The following article was first published in the October 2016 edition of Viva Lewes magazine:
LewesLight isn’t exactly what I thought. Although the name offers a clue, anyone who imagines it’s a celebration of floodlit local landmarks is missing the point. “We’re all about context and people”, lighting designer Graham Festenstein tells me, “not simply an engineering exercise”. And he’d rather I didn’t use the f-word. “As designers, we don’t particularly like the term ‘floodlight’. It does what it implies. That’s the old-fashioned way. We’re generally working to enhance the nature of what’s there – the colours, the materials – not to distort them.”
Unlike some similar international events, LewesLight isn’t just about creating something artistic. “It’s very site-specific”, Graham explains, “looking at the context of the space”. This year the festival is focussed on history, with a theme described as ‘The darker side of Lewes life’. It promises to go beyond familiar local events. “The idea is to investigate less well-known stories and those that have a more scandalous or darker undertone.”
The day-to-day management of the LewesLight festival is handled by three people: Graham Festenstein, Phil Rose from Sussex Downs College, who’s the festival’s Community Coordinator, and history consultant Edwina Livesey. They’re part of an organising committee that’s worked to ensure almost everyone involved has a local connection, including the lighting designers and artists who have been invited to take part. There’s been financial support from Lewes Town Council and a few other sponsors, although much of the assistance arrives in the form of equipment loans from architectural lighting manufacturers and suppliers. “The lighting companies tend to help us by providing us with equipment”, Graham says, “and they also provide personnel to help us put it in and get it all working properly.”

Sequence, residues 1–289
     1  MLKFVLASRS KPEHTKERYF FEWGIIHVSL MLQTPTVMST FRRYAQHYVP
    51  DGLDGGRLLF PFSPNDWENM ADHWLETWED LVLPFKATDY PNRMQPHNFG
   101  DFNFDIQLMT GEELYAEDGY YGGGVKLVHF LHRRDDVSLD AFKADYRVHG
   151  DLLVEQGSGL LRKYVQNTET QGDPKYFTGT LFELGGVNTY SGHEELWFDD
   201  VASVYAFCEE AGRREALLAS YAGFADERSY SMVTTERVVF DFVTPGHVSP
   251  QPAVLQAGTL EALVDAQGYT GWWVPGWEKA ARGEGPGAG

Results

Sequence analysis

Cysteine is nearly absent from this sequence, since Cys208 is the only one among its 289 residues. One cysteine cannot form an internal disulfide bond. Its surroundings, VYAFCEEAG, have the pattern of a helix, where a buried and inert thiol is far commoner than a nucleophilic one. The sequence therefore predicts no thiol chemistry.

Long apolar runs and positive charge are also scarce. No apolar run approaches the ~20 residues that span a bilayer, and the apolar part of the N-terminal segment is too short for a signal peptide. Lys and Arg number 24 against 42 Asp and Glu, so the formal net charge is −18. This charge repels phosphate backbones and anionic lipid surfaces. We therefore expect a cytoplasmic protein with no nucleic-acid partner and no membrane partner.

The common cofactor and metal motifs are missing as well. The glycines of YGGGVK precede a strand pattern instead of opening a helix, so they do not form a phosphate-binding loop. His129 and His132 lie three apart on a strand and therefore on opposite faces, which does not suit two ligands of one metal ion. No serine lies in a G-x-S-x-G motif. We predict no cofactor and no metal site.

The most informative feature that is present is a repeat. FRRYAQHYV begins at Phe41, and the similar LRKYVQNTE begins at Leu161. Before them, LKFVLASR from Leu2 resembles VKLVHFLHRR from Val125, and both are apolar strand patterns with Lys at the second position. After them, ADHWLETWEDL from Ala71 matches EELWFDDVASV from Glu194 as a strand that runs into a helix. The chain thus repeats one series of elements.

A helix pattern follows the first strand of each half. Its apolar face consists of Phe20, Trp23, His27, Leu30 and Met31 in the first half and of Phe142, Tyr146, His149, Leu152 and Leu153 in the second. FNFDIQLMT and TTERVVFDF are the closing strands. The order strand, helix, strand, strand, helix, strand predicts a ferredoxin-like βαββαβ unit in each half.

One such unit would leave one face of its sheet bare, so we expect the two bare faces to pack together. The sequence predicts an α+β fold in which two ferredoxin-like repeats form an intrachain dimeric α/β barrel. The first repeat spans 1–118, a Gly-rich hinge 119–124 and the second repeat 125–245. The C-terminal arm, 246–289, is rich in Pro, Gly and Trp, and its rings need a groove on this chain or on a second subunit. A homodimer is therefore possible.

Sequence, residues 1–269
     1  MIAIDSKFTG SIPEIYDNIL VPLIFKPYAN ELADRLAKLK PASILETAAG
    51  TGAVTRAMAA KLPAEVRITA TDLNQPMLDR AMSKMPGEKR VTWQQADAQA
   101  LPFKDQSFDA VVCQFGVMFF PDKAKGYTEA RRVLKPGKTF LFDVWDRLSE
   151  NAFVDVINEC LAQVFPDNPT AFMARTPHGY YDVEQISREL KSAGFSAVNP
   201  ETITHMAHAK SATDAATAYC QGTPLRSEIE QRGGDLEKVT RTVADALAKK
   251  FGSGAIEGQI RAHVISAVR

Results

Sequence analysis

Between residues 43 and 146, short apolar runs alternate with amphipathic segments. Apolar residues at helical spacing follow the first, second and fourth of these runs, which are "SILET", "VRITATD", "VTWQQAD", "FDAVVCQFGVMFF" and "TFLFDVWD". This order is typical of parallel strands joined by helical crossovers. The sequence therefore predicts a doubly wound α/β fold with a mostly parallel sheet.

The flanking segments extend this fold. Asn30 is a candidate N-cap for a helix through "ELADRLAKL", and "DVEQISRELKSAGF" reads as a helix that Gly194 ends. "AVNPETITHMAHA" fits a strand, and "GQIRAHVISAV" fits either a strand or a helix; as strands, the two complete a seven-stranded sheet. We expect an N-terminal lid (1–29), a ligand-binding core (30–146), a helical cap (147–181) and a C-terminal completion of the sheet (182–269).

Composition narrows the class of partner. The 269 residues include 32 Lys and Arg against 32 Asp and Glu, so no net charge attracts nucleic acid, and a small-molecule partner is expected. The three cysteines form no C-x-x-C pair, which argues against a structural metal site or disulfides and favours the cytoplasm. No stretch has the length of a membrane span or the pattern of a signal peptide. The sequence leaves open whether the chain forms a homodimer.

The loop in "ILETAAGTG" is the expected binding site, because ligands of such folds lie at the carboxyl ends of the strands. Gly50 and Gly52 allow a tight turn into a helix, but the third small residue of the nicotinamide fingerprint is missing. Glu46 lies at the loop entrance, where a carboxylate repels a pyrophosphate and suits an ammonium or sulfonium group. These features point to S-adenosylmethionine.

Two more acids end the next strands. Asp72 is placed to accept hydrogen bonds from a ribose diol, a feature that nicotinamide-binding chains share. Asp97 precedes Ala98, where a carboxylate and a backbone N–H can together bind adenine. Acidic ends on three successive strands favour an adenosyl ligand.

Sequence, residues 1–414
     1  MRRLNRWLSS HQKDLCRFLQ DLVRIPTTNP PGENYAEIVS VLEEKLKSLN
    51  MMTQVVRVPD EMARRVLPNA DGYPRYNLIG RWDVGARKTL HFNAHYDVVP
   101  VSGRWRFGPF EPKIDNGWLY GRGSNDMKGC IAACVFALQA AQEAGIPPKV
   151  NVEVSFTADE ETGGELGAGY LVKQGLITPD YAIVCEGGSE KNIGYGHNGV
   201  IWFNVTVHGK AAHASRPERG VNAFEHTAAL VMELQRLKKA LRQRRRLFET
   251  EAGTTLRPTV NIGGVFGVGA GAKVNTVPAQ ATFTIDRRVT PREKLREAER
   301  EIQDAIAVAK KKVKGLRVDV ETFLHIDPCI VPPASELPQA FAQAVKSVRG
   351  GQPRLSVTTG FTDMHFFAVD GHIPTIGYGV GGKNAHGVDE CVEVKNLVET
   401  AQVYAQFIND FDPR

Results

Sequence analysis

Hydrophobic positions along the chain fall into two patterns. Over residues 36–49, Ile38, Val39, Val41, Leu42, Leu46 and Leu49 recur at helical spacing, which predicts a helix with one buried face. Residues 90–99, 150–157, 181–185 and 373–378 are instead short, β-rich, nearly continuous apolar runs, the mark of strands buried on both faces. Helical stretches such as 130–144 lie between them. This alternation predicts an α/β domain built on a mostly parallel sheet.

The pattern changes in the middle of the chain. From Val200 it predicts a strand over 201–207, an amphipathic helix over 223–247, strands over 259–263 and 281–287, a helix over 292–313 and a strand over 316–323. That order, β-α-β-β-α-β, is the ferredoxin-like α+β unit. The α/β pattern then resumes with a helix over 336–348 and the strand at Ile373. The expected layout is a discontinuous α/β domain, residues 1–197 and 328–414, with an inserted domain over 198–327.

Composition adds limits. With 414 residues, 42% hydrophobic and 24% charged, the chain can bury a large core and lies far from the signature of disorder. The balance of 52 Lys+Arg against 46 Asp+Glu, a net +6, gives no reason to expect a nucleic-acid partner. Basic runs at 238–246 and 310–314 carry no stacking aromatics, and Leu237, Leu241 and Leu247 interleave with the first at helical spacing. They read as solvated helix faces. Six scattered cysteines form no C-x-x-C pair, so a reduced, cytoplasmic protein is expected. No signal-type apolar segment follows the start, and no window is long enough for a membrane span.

There’s a strong educational link to this year’s event. LewesLight has partnered with the local Sussex Downs College campus, working closely with Production Arts, Digital Arts, History, Tourism and Marketing students. It’s also developing STEM workshops (Science, Technology, Engineering and Mathematics) with local schools, supported by Sussex University. In addition, LewesLight is promoting energy-efficient lighting and explaining the importance of ‘dark skies’. All of last year’s event only generated the same amount of electricity as half a football match under floodlights, Graham tells me, which demonstrates the effectiveness of LED lights.
In fact, the 2016 electricity bill could be one of the few aspects of LewesLight that’s largely unchanged from last year’s festival. Participating locations will be better advertised, there’ll be clearer maps and the guided tours will contain more information. There’ll be different venues as well: Graham tells me I shouldn’t assume it’ll be all the ‘old favourites’ illuminated this month. “We’re not doing all the same sites. There’s always going to be a little bit of overlap but, if we do overlap, we’ll have a different designer.”
LewesLight starts on Monday 10th, with installations around the town on the evenings of Friday 14th, Saturday 15th and Sunday 16th. leweslight.uk